It doesn’t have to be like this, she says, but it is. The emotional realism within Emin’s work is directly linked to a second influence which has its roots in the feminist history of women testifying to their own experience, often against denial and disdain. There’s no sugared message of fabulous perfection, merely an intelligent, sometimes anguished directness. ‘Feeling Pregnant’ is an installation from 2000, in which an open cabinet of fresh baby clothes is made of untouched, untreated wood. Its design resembles a cross between a newly-made coffin, the bottom of a cot and a jumble sale display. It represents potential motherhood as full of tenderness, hope, dread and loneliness, all mixed up together. There is a concentration of complicated feeling which forces you to take the work seriously. A powerful installation called ‘Self Portrait’ is not, as you’d expect, a picture by Tracey of Tracey, but a rusted tin trough filled with sharp sticks and coils of razor wire. The whole thing is encrusted with grime. There’s no sickly feminine gloss: this is a shocking portrait of the artist as self-hater, artist as self-identified scum.

One of the charges levelled at Emin is that her work is all about herself, as the previous examples show. So what? That self happens to be intelligent, complicated and interesting. There is something obvious and oft-repeated to say about the misogyny which fuels the accusation. Antony Gormley can make endless casts of his own body and claim that they are Everyperson, even though the largest group of humans in the world is female and non-Aryan and does not resemble his tall, flat, long form. Yet Gormley’s assertion is not questioned. Ultimately, so much of the denigration of Tracey Emin amounts to what people have been saying to women for centuries: shut up, little woman, and get back inside the house.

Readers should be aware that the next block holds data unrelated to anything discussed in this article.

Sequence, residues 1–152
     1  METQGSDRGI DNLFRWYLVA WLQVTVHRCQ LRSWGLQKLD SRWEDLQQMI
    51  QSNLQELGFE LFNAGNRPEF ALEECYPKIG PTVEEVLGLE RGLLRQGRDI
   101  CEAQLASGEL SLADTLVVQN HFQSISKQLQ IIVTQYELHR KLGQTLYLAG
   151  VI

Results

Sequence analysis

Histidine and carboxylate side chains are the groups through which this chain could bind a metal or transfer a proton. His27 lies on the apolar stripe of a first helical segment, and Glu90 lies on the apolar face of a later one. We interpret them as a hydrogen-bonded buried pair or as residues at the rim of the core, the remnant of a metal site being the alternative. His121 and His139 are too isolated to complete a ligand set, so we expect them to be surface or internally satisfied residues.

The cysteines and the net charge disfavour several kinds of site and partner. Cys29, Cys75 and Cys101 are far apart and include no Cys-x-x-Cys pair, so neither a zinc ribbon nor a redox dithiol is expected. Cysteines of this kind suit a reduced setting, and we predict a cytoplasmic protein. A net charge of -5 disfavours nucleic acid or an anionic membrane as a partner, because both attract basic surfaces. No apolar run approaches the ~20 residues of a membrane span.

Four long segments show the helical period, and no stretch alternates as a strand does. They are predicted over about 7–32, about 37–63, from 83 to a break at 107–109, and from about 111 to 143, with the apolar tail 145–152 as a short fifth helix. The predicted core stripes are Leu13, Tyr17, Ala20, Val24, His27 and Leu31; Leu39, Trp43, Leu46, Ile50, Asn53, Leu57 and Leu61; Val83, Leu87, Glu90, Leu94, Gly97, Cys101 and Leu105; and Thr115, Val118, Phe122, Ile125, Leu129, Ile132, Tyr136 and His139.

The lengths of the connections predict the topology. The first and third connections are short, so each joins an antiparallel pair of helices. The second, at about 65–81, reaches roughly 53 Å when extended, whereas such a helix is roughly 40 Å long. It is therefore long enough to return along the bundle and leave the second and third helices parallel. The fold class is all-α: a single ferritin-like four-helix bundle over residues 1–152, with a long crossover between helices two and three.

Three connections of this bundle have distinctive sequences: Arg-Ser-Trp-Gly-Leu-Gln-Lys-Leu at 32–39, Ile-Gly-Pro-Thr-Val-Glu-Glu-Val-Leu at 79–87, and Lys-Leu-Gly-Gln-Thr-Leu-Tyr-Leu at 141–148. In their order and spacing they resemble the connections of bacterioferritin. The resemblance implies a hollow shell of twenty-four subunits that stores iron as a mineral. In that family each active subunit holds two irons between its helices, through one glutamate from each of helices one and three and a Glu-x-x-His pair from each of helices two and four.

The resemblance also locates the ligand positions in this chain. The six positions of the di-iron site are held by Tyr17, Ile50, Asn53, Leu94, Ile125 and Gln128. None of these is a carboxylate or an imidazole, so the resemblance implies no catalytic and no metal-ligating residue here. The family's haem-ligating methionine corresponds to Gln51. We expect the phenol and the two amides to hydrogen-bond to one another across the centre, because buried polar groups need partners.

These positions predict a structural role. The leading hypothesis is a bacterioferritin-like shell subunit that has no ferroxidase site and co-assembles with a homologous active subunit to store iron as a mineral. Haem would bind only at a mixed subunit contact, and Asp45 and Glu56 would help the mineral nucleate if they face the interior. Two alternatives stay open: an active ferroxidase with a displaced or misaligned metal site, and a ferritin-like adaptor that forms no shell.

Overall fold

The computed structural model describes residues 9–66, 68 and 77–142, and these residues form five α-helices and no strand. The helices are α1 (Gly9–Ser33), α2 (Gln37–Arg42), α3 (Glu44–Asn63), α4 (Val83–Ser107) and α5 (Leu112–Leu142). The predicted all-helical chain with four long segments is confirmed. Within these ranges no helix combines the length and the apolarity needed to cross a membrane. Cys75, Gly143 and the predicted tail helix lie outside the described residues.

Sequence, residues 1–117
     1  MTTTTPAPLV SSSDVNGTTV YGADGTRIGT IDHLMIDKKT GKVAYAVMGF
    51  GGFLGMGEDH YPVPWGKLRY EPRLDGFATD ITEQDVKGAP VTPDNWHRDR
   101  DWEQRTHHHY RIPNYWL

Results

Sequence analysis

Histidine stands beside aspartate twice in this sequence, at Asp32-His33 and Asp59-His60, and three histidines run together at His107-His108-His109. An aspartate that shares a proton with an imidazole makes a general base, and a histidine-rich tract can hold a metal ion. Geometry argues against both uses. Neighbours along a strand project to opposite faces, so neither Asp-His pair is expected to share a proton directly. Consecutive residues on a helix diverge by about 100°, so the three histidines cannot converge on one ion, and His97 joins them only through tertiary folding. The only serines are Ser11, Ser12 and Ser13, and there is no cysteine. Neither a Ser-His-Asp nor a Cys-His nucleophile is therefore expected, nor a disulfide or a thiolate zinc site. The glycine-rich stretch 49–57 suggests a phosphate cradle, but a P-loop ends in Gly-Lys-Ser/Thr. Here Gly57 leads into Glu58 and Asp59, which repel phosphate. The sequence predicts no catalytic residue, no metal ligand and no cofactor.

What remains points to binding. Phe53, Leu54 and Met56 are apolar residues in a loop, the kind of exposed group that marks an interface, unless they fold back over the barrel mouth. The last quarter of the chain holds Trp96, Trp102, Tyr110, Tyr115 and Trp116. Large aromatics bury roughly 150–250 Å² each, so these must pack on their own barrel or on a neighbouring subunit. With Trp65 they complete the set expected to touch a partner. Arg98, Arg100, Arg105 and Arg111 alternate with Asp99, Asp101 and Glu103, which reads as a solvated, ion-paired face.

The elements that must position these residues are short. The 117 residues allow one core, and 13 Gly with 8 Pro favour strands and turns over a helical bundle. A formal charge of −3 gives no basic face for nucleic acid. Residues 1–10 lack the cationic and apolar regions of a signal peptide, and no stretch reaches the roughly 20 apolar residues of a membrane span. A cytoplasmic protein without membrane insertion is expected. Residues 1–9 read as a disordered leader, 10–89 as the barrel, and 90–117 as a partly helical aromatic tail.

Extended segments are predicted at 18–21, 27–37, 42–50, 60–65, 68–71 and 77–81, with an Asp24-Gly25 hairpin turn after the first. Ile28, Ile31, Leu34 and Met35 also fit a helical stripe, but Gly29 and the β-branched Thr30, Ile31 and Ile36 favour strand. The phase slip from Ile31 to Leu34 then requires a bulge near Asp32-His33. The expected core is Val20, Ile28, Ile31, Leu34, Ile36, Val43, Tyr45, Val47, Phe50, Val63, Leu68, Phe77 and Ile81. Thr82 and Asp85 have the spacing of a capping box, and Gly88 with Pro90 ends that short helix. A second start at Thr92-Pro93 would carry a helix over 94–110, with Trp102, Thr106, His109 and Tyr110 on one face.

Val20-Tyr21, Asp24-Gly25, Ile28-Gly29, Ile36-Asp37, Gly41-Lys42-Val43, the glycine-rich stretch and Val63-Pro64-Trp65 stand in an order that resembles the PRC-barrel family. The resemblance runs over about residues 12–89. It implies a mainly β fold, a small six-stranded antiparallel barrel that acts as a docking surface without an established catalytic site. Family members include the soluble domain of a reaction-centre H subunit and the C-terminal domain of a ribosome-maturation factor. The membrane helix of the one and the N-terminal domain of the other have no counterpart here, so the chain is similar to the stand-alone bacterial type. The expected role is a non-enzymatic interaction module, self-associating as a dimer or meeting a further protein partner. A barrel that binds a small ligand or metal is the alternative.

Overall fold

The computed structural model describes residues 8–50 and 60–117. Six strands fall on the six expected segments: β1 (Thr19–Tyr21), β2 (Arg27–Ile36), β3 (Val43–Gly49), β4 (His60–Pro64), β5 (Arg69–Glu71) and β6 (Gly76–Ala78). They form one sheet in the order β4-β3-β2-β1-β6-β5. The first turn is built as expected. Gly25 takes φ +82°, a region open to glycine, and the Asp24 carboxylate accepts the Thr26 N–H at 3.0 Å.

I feel sorry for the haters, because they are immune to the great joy to be found in Emin’s work. This third influence touches upon a very English delight in landscape, in colour and natural beauty. In ‘The Perfect Place to Grow’, Emin constructs a cosy wooden hut high up on stilts, accessed by a little ladder, at the base of which are plants in pots. The plants are bursting with red flowers in full bloom, the hut is of a warm brown colour and the whole thing puts you in mind of summers spent trading true ghost stories in a treetop getaway. ‘A Working Landscape (In My Dreams)’ is a pale sketch of a woman lying naked amongst reeds and rushes while flowers crack open above her head. Their hue is so potent and concentrated that it sucks the pigment from the rest of the image.

Thus Emin’s work, although it is unified by its relation to her autobiography, demonstrates great versatility. The mastery which enables her to work with so many media is concealed modestly by a cheekiness that sits well with the fourth influence I’d like to identify: the postmodern satirising of industrial-capitalist signifiers. Neon signs are normally used for touting tyres or kebabs or strip shows, flashing impersonally on a busy street. In Emin’s hands they become a private extension of her scribbled love notes and half-remembered messages. Signs are meant to shout but Emin’s neon works whisper and trail off into laughter. A piece called ‘You Forgot to Kiss My Soul’ says exactly that in baby blue and powder pink, a scrawl inside a heart. ‘Tracey Emin Upgrade’ tackles that symbol of ultimate privilege: Concorde. Except here, that mighty metal seagull of the skies has become a wee papier-mâché model made from the peach pink pages of the Financial Times.

Yet despite the perks of success, it seems that Emin cannot resist looking back with horror. An installation of 2005, ‘It’s Not the Way I Want to Die’, depicts a scaled-down rollercoaster from a fairground in Margate. Its loop of warped wooden planks, stripped of paint by the salty air, resembles a rickety railroad, a boardwalk that goes nowhere. It’s a frail, sad piece; the spectator is gripped by nostalgic pain, claustrophobia and the fear that it will collapse there and then. I suspect that many critics of Tracey Emin’s work unjustly project the same analysis onto her: they think she’s a tired freakshow whose work goes round in circles. They underestimate her. This retrospective proves that Tracey Emin is the real deal, an artist of posterity, legacy and influence. And it’s only just beginning.

Tracey Emin: 20 Years, Scottish National Gallery of Modern Art, Belford Road, 0131 624 6200, 2 Aug—9 Nov, £6 (£4).